When I was young, this is who was on the cover of the Middle-Aged Lady brochure: Edith Bunker, Mrs. Cunningham, Mrs. Roper and Dorothy, Rose and Blanche. It looked pretty great: comfy muumuus that hid squidginess, lots of horniness, plenty of pals and an enormous lack of fucks given. So I thought that in your 40s you picked which middle-aged persona you wanted to be and got on with it. A ruddy-cheeked cross-country skier? A woman with a long grey braid who shops at health-food stores wearing a bike helmet? A lady who looks like a glasses ad, with her smart red lips and chunky statement necklace? You could be a wearer of purple batik-turtle-print dresses! A short-haired golfer! A sexy coug! I’ve happily rolled up to the middle-aged party wearing a dog-hair-covered jumpsuit, sporting my deepest neck grooves and toting a six-pack of radlers only to have goddamn JLo answer the door. For a Sophia/Dorothy hybrid like myself, it’s a real bait and switch. I mean, she’s a gracious host, and it’s lovely that she made such an effort, and, Christ, does she smell good. But I’m really not interested in going to any more Hot Girl Parties.
Now there are two voices inside me. There’s the one that says things like “You know that’s a 14-year-old’s ass in that cellulite ad, right?” and “What the hell is an anti-aging supplement anyway? Cyanide?” That gal loves high-fives, listens to Lizzo and can hold a plank position for two minutes. But, sadly, she mainly shows up to lift my friends’ spirits when they’re talking crap about themselves or when I’m flipping through a magazine with my 13-year-old stepdaughter. When I’m alone? That’s Mean Bitch’s visitin’ time.
This voice talks to me like I’m being hazed for a sorority that will soon be on the news after being shut down for brutality. “No, but, honestly, how do you even leave the house?!?” she asks. She makes me watch The Hills reboot, not for Speidi’s redemption plot line but to convince me that I should plump my face until it looks like a well-filled balloon. She hisses all of the anti-aging industry’s cruellest words when I look in the mirror: slackening, loosening, decaying. She points out that my skin’s current status, commensurate with its experience, is reflective of way too many years of shoddy sunscreen application (but, like, agoraphobes don’t get out much, so…), decades of anxious smoking (thankfully now behind me), a weird aversion to water consumption and lax moisturizing. She tells me I look like a woman who would be the first to get kicked off Survivor.
She is really awful – and I thought she’d be gone by now. I thought our 40s were supposed to be amazing – the prize we deserve after the exhausting slog of our previous decades.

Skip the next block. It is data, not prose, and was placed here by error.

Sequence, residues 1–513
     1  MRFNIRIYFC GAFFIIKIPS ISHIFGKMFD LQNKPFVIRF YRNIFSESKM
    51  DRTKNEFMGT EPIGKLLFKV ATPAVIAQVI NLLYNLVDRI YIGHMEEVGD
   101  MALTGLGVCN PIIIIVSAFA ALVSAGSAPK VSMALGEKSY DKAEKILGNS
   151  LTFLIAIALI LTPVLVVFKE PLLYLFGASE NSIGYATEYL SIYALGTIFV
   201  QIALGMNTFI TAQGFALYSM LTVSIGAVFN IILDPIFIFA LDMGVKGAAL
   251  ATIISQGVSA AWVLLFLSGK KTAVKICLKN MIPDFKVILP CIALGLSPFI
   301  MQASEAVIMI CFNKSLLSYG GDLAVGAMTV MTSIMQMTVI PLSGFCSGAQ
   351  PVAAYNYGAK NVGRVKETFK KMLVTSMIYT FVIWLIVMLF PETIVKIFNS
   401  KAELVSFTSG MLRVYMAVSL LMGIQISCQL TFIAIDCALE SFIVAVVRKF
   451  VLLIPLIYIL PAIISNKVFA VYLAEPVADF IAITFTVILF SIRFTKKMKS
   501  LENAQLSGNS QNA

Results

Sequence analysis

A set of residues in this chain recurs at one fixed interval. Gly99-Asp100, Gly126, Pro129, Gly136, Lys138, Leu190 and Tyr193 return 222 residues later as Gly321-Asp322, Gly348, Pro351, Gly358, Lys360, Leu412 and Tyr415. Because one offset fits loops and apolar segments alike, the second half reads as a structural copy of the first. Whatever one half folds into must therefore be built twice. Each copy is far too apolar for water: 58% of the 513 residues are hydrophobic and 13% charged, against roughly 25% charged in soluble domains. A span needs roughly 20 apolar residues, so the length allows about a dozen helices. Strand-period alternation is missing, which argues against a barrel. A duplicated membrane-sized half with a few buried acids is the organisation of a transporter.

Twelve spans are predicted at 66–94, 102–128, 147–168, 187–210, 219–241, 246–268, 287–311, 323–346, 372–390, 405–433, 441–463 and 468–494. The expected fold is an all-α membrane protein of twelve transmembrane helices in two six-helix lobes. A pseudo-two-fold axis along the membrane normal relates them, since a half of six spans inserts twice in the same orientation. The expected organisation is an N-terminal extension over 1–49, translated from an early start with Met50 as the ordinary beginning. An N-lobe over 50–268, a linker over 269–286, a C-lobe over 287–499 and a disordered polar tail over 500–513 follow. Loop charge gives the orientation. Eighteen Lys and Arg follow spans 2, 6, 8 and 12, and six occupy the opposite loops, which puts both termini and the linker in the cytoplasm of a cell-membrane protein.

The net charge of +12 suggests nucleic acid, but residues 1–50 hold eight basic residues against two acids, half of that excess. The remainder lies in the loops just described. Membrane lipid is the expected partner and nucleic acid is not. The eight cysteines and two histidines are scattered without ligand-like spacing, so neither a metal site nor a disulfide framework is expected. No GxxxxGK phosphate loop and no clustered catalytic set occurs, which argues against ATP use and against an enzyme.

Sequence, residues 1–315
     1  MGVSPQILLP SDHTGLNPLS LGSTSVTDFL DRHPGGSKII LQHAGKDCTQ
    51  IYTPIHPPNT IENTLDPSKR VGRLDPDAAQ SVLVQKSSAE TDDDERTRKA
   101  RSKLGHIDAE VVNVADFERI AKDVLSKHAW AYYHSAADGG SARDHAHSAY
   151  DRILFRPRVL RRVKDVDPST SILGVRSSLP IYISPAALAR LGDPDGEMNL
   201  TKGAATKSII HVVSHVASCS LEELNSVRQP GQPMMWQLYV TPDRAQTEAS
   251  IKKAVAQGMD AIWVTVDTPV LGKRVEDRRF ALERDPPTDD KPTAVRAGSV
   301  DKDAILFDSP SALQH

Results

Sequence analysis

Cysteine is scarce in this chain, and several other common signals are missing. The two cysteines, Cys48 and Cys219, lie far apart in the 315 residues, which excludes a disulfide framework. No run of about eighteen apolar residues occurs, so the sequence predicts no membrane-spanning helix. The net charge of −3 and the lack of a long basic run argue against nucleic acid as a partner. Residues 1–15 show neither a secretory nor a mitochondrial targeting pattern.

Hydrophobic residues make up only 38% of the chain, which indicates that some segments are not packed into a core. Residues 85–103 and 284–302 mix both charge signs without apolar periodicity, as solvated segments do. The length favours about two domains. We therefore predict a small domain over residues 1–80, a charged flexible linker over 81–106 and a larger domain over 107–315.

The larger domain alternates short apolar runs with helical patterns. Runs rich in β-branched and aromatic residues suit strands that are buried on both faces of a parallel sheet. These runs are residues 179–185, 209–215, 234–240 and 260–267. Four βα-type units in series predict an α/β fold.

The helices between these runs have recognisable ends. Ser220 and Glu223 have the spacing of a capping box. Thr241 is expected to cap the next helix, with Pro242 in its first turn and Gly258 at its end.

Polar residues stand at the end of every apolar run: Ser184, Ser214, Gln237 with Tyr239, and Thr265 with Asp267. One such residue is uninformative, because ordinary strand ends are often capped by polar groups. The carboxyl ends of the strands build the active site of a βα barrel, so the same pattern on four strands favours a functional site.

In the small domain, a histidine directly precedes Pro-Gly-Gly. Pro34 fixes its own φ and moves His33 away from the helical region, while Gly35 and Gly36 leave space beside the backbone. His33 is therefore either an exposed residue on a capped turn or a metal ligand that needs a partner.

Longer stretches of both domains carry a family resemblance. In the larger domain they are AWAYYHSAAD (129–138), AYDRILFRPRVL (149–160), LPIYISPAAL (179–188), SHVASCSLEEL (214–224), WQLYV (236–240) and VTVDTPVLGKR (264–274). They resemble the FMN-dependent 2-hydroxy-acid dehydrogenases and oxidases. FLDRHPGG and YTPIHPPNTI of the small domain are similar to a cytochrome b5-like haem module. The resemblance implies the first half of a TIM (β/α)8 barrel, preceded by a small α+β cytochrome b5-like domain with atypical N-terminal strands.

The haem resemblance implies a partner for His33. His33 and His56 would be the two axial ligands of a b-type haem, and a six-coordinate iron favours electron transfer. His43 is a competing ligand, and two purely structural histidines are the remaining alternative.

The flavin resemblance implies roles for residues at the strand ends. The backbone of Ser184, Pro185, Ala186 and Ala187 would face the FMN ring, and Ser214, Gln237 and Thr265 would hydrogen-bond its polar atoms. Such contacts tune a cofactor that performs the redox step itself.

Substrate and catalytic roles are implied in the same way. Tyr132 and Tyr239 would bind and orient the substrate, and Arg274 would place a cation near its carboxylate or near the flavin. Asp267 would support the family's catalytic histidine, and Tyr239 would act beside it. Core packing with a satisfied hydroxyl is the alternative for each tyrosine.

“My 30s saw me brought to my knees by anxiety and heartbreak. Early 40s held some lovely respite, but my late 40s are kicking my ass.”
In my 20s, I was so determined to find my worth in men that I stayed with a guy who calmly explained to me that, yes, okay, fine, he did sleep with that girl again, but he is an artist, and artists are rendered powerless by symmetry, and she had a centre part, and so, really, why was I being such a nag about it? My 30s saw me brought to my knees by anxiety and heartbreak. Early 40s held some lovely respite, but my late 40s are kicking my ass. My PMS has morphed from three days of mild annoyance to two weeks of rage-sobbing. My cycle has shortened from every four weeks to every three, and I don’t sleep anymore, so 66.666 percent of my life is spent imagining writing a note to my husband that says: “Have gone to woods with dog. Will return in five years and we can see where we’re at.” I don’t have the time or the energy to pretend that I’m still in my 30s as well.
So my blurry tattoos are getting blurrier. The lines in my face are getting deeper. My memory is comically terrible – most of my marital arguments involve one of us saying “WHAT DID YOU JUST SAY?” and the other yelling “I DON’T REMEMBER!” But, God, I want to keep going. I can’t wait to see what’s on the other side of the peri-menopause swamp. Apparently, once our hormones return to their pre-puberty state, we feel excited, optimistic, content. And the Mean Bitch fades away. Twenty years from now, I just hope that I’m happy and maybe doing aquafit and that my biggest concern will be wondering how to tell people that I’m 69 without laughing every single time. I bet JLo will still be looking gorgeous and making 70 the new 20, but I hope the rest of us can unbutton our pants, raise our radlers and finally exhale.
This article originally appeared in the March 2020 issue of ELLE Canada. Subscribe here.
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